In Homeschool Rhythm is Key

In Extraordinary Parenting, Eloise Rickman shares some great tips for parents and home educators. She stresses the importance to having a rhythm to the day so that your children can feel comfortable and know what to expect. This doesn’t mean setting strict and rigid schedules for everything. Instead, you can make things flow in a natural way for your family. It’s all about finding the rhythm.

She writes, “As home educating families have long known, outside of the constraints of traditional schooling anything is possible. Educating at home can reduce the stress on your child, encourage their natural thirst for learning, and bring new interests to the fore. It can foster deep learning for the whole family as you are transported to the far reaches of the solar system, to ancient Egypt, or to the courts of Henry VIII. Far from being an inferior replacement for school, your home is already the best possible place for learning to happen.”

Your homeschool does not need to look like a regular school. You don’t need blocks of time for specific subject areas. You don’t have to start at 8:20 sharp every morning either. Set up a rhythm that works for you and don’t be so rigid about it. You don’t have any of the time constraints that public schools face with multiple teachers and students. It’s just your family.

“It’s not about home educating, throwing away the TV, or eating only organic food. Rather, it’s about treating our children with respect and compassion, consciously slowing down and reclaiming our children’s right to play, and creating a rhythmic, intentional home environment where our children feel safe and flourish.”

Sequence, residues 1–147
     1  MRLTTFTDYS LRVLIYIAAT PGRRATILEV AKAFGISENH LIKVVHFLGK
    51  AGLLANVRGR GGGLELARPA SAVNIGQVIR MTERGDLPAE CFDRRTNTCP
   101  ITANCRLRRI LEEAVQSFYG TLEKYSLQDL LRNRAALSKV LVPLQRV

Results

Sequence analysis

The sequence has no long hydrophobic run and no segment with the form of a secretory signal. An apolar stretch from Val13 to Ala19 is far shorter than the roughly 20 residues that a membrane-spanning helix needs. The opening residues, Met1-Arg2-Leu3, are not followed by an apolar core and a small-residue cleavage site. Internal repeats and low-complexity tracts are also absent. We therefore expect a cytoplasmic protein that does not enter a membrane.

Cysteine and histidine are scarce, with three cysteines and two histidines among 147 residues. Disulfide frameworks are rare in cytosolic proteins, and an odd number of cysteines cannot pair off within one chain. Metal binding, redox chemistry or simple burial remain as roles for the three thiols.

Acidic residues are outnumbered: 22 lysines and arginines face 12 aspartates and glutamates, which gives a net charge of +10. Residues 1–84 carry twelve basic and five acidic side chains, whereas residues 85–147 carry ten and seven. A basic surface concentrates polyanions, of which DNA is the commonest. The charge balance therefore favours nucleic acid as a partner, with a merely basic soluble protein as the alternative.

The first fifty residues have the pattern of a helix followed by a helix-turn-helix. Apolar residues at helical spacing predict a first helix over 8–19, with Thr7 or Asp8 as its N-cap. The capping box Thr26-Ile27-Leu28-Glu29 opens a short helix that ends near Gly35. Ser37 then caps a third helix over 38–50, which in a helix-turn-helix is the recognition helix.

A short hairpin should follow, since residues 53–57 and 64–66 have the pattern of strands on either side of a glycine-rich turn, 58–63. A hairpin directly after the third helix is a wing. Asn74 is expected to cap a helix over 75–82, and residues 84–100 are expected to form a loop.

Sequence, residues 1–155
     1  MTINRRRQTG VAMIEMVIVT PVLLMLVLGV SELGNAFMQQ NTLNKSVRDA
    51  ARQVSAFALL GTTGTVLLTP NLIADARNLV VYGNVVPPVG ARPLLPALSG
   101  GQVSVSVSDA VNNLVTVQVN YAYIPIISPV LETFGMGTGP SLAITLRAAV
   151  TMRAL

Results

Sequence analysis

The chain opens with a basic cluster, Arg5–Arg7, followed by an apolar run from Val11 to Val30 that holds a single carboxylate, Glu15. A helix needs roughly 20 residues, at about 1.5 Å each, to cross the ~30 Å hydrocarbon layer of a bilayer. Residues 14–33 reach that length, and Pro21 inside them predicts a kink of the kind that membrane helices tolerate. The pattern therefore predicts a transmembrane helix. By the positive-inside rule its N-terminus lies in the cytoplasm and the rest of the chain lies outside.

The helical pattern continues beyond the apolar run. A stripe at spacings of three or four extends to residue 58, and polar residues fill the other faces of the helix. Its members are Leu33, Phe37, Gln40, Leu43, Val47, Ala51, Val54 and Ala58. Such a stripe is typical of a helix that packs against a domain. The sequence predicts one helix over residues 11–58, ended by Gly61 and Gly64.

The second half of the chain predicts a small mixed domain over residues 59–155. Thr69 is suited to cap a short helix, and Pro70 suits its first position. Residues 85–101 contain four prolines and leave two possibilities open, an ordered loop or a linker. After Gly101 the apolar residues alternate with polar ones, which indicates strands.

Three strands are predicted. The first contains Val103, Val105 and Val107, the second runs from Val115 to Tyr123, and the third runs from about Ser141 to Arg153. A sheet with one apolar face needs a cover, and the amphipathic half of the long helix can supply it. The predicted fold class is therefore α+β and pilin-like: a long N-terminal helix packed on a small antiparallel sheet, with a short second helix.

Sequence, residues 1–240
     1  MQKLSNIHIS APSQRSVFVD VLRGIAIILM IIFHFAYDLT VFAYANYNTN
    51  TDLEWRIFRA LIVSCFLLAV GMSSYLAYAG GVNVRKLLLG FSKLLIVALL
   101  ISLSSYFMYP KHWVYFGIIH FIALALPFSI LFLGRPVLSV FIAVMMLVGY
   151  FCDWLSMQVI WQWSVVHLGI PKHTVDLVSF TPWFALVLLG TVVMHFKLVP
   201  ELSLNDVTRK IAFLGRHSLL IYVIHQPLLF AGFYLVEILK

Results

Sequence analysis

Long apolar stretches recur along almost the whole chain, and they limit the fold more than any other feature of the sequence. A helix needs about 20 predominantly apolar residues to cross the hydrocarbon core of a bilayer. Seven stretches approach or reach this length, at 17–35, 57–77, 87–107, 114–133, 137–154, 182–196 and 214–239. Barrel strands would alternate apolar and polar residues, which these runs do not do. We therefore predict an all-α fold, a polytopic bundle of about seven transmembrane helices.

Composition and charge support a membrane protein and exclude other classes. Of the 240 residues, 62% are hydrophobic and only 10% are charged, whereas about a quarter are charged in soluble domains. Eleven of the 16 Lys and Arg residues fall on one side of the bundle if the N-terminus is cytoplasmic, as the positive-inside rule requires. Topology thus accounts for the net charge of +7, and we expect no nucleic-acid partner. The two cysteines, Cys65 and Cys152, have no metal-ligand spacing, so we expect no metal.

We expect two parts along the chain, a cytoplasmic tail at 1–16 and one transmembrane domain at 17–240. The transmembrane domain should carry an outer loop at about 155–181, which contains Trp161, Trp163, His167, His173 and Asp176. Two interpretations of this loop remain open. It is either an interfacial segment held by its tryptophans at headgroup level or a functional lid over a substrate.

A busy self-employed mother by the name of Pippa Hounslow is quoted in the book. She believes that everyone in her family benefits from their daily rhythm. She likes it because “it takes an element of stress out of planning and keeps days manageable; if we base our days around a few key activities such as ‘crafts’ and ‘outside time’ it gives us enough freedom to change it up and keep them fresh. If I’m calm and ready for the day, I think that has a positive effect on everyone around me.”

I have some quite time built into our day. I’ve written about “blanket time” here before and it is something I highly recommend. If it doesn’t work for you, though, find something that does.

“Build some ‘quiet time’ into your daily rhythm.  After lunch works well, or when your children are napping . . . There may be some pushback from them at first when you say that you’re not available to read or play for this time, but after a while it will become ingrained as just ‘what we do’, and everyone will benefit from you having half an hour to yourself.”

My quiet time allows me to read on the park blanket. But we also read and play together. It’s a variation of the advice above, but we both love it. We spent 90 minutes at the park today. It was great!

“Rhythm is different to routine. Rather than a strict schedule where things are planned to the minute, it is a predictable flow built on daily anchors and rituals.”

If you need help building your day so it has a natural rhythm, I am willing to help you. Just ask!